Learning SAP with a little help from your friends
In school I was really bad at Math. What’s worse, I would try to make myself invisible in class for fear that the teacher might call on me. This caught up with me in a big way during my freshman year in high school. I was a new kid in a new school when I encountered the scariest teacher in the history of teachers – in Algebra class!
Out of fear and respect (mostly fear), I can’t tell you her real name. The upperclassmen called her “Sarge,” which was fitting. If nuns were allowed in the U.S. Marine Corps, she would’ve been a perfect drill sergeant. What’s worse, she kept a club called “Killer” on her desk. I never saw Sarge use Killer, but I never doubted that she would it if provoked.
At the end of each class, Sarge would give us a set of Algebra problems for homework. Then, the next day she’d call us to the front of the room in small groups to write out our solutions on the chalkboard.
This summer at SAP I met the opposite of Sarge. By all accounts, Mark Green, an SAP instructors based in the U.K., is a great guy who cares about helping students learn SAP. My hunch is that he wouldn’t give me a hard time if I asked a question, for example, about “temporal joins” or “fuzzy search” in SAP HANA.
Mark’s made it his mission to make learning SAP more accessible to those of you who can’t travel to class, or would simply prefer to learn when and where you choose. To this end, he’s become an evangelist for learning rooms within SAP Learning Hub. Right now he’s a moderator of the SAP HANA Introduction, Implementation & Modeling room.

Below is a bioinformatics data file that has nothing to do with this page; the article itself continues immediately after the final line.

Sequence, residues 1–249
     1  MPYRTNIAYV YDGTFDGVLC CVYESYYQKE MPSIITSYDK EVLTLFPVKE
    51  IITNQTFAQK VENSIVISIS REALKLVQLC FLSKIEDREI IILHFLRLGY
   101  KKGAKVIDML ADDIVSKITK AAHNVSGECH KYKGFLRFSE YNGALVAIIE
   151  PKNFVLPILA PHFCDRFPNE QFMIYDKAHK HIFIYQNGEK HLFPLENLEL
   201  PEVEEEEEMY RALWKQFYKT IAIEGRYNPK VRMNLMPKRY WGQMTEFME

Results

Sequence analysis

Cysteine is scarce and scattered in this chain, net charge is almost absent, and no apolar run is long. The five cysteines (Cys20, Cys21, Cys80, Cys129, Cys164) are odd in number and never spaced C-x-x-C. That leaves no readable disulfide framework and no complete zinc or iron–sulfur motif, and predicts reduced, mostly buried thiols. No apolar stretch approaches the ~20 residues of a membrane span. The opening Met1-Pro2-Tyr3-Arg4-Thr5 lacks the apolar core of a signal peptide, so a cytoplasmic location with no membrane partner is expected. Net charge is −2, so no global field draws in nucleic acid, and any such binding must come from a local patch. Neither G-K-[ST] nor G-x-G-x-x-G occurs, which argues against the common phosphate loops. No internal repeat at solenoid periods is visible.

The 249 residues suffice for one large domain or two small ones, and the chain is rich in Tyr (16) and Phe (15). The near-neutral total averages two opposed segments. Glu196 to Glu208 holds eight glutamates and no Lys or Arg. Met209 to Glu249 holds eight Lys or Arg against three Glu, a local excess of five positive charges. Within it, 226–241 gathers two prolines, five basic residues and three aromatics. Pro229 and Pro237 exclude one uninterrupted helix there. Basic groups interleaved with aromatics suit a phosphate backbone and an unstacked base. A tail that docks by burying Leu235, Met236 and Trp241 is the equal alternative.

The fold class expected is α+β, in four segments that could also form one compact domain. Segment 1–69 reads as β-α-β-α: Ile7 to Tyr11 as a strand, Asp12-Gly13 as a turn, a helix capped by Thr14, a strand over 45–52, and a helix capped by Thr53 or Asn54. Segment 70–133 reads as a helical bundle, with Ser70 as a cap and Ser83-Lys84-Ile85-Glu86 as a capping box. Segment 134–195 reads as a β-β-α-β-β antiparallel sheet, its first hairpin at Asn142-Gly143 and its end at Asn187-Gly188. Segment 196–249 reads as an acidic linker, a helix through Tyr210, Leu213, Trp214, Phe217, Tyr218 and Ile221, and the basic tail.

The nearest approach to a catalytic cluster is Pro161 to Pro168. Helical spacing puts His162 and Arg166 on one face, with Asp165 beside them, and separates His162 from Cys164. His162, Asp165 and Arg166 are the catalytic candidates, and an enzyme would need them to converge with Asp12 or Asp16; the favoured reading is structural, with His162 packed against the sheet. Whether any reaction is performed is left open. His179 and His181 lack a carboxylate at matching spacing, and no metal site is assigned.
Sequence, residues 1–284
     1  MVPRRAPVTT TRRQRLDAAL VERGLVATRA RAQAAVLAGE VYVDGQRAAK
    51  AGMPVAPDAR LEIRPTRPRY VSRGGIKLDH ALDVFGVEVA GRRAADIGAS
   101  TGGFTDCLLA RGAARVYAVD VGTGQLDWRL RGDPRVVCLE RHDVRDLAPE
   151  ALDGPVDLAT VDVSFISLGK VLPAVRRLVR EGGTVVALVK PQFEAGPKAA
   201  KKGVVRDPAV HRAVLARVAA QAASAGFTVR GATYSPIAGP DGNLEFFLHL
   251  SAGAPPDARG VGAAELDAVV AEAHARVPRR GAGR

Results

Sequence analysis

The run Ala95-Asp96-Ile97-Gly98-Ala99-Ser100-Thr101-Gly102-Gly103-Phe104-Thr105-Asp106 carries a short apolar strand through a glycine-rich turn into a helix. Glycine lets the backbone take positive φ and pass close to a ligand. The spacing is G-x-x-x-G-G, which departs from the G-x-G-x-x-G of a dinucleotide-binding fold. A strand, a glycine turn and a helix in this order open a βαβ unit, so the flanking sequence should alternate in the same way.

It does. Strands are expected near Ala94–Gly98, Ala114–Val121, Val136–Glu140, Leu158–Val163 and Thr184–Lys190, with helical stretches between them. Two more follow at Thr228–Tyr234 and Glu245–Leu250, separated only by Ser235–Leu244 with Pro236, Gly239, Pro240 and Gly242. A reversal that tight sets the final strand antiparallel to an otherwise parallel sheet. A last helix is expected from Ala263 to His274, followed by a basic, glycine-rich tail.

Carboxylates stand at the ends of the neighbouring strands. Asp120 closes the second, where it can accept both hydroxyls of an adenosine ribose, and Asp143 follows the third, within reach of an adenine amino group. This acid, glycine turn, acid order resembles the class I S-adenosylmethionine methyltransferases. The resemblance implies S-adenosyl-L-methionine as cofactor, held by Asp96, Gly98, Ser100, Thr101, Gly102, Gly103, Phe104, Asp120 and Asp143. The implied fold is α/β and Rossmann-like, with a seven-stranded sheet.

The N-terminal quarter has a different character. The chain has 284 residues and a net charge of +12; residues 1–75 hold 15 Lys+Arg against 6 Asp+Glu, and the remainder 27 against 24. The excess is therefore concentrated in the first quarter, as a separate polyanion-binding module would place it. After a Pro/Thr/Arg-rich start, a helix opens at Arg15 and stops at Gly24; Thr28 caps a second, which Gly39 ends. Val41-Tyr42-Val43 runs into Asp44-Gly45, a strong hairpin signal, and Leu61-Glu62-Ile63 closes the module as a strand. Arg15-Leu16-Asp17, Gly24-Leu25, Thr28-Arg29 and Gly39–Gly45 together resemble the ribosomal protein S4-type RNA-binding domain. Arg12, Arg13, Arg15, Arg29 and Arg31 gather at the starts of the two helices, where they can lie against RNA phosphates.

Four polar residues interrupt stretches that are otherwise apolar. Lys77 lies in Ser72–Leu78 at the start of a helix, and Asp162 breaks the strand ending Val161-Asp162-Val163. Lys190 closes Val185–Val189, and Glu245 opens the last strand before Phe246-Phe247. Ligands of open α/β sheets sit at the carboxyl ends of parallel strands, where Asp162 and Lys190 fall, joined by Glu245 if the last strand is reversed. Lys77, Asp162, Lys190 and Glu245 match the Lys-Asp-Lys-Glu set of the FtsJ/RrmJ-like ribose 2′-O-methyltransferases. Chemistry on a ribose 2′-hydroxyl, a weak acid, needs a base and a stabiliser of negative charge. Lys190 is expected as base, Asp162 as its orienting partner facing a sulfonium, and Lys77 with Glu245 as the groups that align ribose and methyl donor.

The truth is, learning rooms aren’t that way at all because they’re run by people like Mark. As he puts it, learning rooms are filled with “learning buddies” who are there to help each other. To make his point, he’s written a fun story about a consultant name Julie, who rides the learning room express all the way to SAP HANA certification. The story is called With A Little Help From My (Learning Room ) Friends.
Why should you read Mark’s story? “Because if you know how to use the resources available in learning rooms, you will increase your chances of certification success,” he says. “You’ll also widen your network of contacts who can assist you whenever you have a question or need help.”
A footnote about my high school Algebra career. Despite the obvious trauma, in the Spring of my freshman year I scored a 95 out of 100 on the New York State Regents exam for Algebra. I never got to thank my teacher for all the help she gave me – she wasn’t at our school the next year. So, many years later, thank you Sister for steering me toward a career in writing.